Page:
Best case... the very beginning of regional restarts allows local economies to take on what looks at the start to be a "V" shape recovery. Some governors may (maybe already have) jumped the gun. This increases risk. Risk of what? We are told by national and local leaders that we are past the apex, that conditions are improving. Well, the slope of that national curve is seeing an impact of the local curves in the states of New York, and New Jersey, in other words, the national epicenter. We still have no real idea how broadly this virus has infected the masses.
What that means to the hamster running circles inside this middle-aged cranium is that there could be an unwelcome situation brewing in areas less capable to handle these situations either on a per-capita basis, or in terms of distances traveled between medical facilities. Now, I did not come up with this on my own. I saw Dartmouth economist David (Danny) Blanchflower (who served with the Bank of England's Monetary Policy Committee during the last financial crisis) post what looks like a reverse square root symbol on social media as an idea for this recovery looks like. Doesn't that make at least some sense?
A bit of a lift-off, because we are coming from an extreme place, with a ton of rocket fuel in the way of what the policy makers have put in place. Then, prior to the economy reaching it's former size... sideways. Why, because not everyone came back in anything close to the same shape they were in prior. Because the virus threw us a few more curveballs. Because a vaccine remains elusive. Because demand never truly resumed at former levels for fossil fuels, or commercial real estate. Because a period of austerity followed this mess, not just at the national and global levels, but at the corporate, state, municipal, and even down to household levels. What has had to be done, indeed had to be done. Even more will have to be done. On the other side of the mountain? Smaller budgets, smaller economies beckon.
As of the very latest information published at FactSet, the blended (already reported among the still to report) rate for Q1 earnings growth for the S&P 500 is now -15.8%, as expectations for Q2 now stand at -31.9%. All four quarters of 2020 have now seen significant reductions made to consensus expectations. What this has done has taken where the S&P 500 is currently trading to a 12 month forward looking PE ratio (in aggregate) to 19.1 times. Expensive by any measure, when referenced against a five year average of 16.7 times, or a 10 year average of 15 times even.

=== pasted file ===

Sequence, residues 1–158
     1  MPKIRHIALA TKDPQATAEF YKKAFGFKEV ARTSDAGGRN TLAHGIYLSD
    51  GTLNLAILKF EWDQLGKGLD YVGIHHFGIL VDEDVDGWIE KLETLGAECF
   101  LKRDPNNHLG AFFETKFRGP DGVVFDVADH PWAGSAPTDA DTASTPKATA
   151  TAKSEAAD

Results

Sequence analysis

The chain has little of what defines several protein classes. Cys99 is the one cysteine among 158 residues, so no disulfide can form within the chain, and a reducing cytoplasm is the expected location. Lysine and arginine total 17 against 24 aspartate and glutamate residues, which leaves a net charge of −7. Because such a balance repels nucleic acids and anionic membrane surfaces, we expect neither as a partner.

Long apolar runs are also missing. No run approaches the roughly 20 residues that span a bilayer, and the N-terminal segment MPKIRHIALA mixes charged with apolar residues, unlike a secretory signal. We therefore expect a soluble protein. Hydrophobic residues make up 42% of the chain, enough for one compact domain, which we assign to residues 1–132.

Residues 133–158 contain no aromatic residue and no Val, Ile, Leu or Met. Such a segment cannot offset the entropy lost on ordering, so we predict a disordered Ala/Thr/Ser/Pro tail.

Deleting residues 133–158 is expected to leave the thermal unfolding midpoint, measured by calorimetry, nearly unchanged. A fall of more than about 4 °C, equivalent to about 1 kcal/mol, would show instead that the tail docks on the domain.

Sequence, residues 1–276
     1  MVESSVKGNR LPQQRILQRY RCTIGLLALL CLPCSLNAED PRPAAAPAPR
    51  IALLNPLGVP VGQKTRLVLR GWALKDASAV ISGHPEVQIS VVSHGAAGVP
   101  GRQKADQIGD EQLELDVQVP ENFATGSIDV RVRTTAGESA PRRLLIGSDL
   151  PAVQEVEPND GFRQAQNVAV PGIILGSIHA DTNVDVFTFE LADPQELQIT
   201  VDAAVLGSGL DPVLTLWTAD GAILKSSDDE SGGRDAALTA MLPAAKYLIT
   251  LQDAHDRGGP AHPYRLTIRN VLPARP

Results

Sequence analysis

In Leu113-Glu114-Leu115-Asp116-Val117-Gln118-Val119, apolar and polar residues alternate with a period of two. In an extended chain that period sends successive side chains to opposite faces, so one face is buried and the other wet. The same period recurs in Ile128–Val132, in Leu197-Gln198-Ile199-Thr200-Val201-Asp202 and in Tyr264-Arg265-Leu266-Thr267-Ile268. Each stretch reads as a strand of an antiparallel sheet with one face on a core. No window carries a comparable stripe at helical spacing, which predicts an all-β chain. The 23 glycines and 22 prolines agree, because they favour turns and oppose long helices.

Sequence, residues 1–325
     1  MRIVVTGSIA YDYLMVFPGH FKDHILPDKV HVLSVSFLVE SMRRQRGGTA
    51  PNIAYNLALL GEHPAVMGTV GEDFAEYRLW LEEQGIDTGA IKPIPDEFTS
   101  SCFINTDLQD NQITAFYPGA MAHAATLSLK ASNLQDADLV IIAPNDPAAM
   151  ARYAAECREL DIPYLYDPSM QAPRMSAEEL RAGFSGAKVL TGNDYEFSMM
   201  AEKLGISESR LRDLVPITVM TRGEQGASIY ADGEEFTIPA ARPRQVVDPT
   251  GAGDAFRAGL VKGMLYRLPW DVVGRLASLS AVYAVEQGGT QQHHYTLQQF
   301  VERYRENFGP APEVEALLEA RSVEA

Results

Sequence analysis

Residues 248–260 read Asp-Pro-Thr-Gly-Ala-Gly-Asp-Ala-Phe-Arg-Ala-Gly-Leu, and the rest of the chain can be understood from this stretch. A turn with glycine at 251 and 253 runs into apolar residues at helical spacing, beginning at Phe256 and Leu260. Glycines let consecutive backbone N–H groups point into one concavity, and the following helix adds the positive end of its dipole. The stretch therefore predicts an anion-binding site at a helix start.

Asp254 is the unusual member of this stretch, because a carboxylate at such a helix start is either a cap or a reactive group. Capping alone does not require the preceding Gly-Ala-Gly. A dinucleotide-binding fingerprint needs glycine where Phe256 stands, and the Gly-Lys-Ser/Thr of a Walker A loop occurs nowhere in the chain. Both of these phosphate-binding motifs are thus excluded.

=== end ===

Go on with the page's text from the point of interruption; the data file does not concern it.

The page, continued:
Are equities truly expensive though? In this environment? Only a fool would answer this question either way with any kind of certainty. For sure, TINA (there is no alternative) has returned, and this time she may stick around for a very long time. Then there is all of this rocket fuel that we've been speaking and writing about. Does the increased monetary and fiscal help boost the economy on lift-off? Would you bet the farm against this? Even if the economy ends up looking like a reverse square root symbol, does that mean that equities can not end up semi-permanently overvalued in a "historical only" kind of context?
It is very easy in these times to become pessimistic. Very difficult to not let the realities of our times cloud judgement based upon both past experience as well as our own broad lack of depth in anything resembling precedent. The markets will become even more volatile in my opinion, and even more sensitive to headline risk. There will be days that bulls and bears alike will doubt their own judgment. Just do not underestimate the light at the end of tunnel. Sunshine, or a coming train? Decisive either way. Adapt.
Eyes On... PepsiCo
Earnings due in about 24 hours. The chart does show some cause for optimism going into the event.
Readers will note that PepsiCo (PEP) was very strong on Friday, up more than 3%, but on light volume. That said, the strength of that session created by a rebound off of the stock's 50 day SMA, permitted the shares to retake the 200 day SMA as well. Not only this, but as Relative Strength turned up from neutral, as the already attractive looking daily MACD curled away from what would have been a bearish crossover had it (it still might) occurred.
Now, although the numbers posted as well as any guidance offered will certainly take precedence, we have a fully formed cup with handle (I kind of hate cups without handles) with a pivot point just below $138. Just sayin' No sure thing here, but right now am long PEP and I have a $147 price target on the shares. I see a take and hold of that pivot, and I will have to drastically upgrade my price target up into the mid-$160's. Just in case the fates turn against me, I also have a new $125 panic point on this name.
Economics (All Times Eastern)
10:30 - Dallas Fed Manufacturing Index (Apr): Expecting -84, Last -70.
The Fed (All Times Eastern)
Fed Blackout Period.
Today's Earnings Highlights (Consensus EPS Expectations)
Before the Open: (CMS) (.80)